Actually, McDonald's Didn't Invent The Iconic Chicken Nugget

Many fast food chains and food brands make chicken nuggets, but no matter what most of us probably associate them most with a specific ubiquitous fast food chain. Think about what happens when you take a bite of a nugget: Chances are you immediately compare it to a Chicken McNugget. And if you look up a recipe for chicken nuggets online, many of the results that come up are described as a "McDonald's copycat," meaning that the McDonald's version is the real deal. Somehow McDonald's chicken McNuggets have become the representative — maybe even the standard — of all chicken nuggets. 

Because of this, you'd think that McDonald's must have invented them. But History explains that it's actually Robert C. Baker, an agricultural scientist who was trying to discover a way to create a commercial food product that simplified the cooking and transporting process. The product that Baker came up with in 1963 is now known as chicken nuggets. As for McDonald's, it wasn't until 1981 that the chain introduced McNuggets to a few locations before rolling it out nationwide in 1983.

McDonald's may have came up with the name for chicken nuggets

When Robert C. Baker invented what eventually earned the name chicken nuggets, they were actually called chicken crispies, according to Time. Depending on their shape, they were also sometimes referred to as chicken sticks. Despite creating such an innovative way to prepare ground chicken, Robert C. Baker did not patent chicken crispies or chicken sticks, because his goal wasn't to profit from them. Instead, he shared and sent out the recipe to companies who could use and modify it as they pleased.

Without a patent, chicken crispies could legally be sold by other companies and marketed under different names. McDonald's doesn't credit Baker for inspiring its Chicken McNuggets, but whether or not the chain was aware of his recipe's existence or not, it was well within its right to call its product McNuggets instead of crispies. McNuggets were received so well by the American public, that other fast-food restaurants followed suit. By the end of the '80s, Chick-fil-A, Jack in the Box, Wendy's, Checkers, and Rally's all had "chicken nuggets" on their menus.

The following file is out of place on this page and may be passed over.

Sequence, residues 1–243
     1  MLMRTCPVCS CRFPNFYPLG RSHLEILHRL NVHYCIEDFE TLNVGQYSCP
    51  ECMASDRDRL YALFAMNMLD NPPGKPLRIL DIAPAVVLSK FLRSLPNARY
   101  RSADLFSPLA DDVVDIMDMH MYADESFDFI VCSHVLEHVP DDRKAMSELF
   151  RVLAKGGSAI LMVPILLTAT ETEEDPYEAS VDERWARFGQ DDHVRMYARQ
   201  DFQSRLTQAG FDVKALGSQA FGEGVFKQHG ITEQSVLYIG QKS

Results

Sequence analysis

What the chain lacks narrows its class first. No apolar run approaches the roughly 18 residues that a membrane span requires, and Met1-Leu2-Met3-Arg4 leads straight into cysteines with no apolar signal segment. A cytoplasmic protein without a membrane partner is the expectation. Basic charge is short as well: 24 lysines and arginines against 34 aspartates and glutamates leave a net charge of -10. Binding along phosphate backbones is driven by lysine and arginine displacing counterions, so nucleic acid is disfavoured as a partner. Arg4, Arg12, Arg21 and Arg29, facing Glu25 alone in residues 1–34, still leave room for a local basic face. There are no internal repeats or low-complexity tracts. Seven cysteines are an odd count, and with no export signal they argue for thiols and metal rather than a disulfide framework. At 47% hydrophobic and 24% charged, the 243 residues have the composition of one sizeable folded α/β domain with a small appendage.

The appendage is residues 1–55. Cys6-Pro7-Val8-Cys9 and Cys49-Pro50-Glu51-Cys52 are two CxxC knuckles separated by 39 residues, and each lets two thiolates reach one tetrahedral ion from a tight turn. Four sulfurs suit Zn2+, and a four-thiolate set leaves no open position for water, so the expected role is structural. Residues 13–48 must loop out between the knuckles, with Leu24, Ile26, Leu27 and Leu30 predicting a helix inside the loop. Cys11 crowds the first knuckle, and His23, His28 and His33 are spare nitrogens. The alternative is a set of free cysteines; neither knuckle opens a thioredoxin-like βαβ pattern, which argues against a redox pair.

McDonald's version of the story

Despite the fact that the Chicken McNugget came along almost 20 years after Robert C. Baker's chicken crispie, McDonald's claims to have invented the McNugget on its own. According to the company's website, the creation came about because McDonald's was working on a recipe for Onion Nuggets, which we can only assume was McDonald's spin on onion rings. Onion Nuggets were made with nugget-sized pieces of onions that were then coated in batter and deep-fried. After a limited-time test run between 1978 and 1979, Onion Nuggets proved to be unpopular.

After Onion Nuggets were scrapped, it was back to the drawing board. Instead of starting entirely over, Fred Turner, the chairman at the time, advised executive chef René Arend to modify the existing recipe by swapping the onions for chicken. The original McNugget recipe that Arend came up with in 1979 did not use ground chicken like Baker's 1963 recipe, but rather cut-up chicken. McNuggets ended up having a successful first test run, but McDonald's discovered that making chicken nuggets with cut-up chicken was hard to accomplish on a large scale. Realizing ground chicken was the solution, McDonald's turned to Keystone Foods, who would debone and process the chicken to streamline the process for fast food. 

Having made the switch to ground chicken, McDonald's started pumping out the molded, boneless, ground chicken blobs (i.e. chicken crispies) that are now a ubiquitous piece of their menu and brand.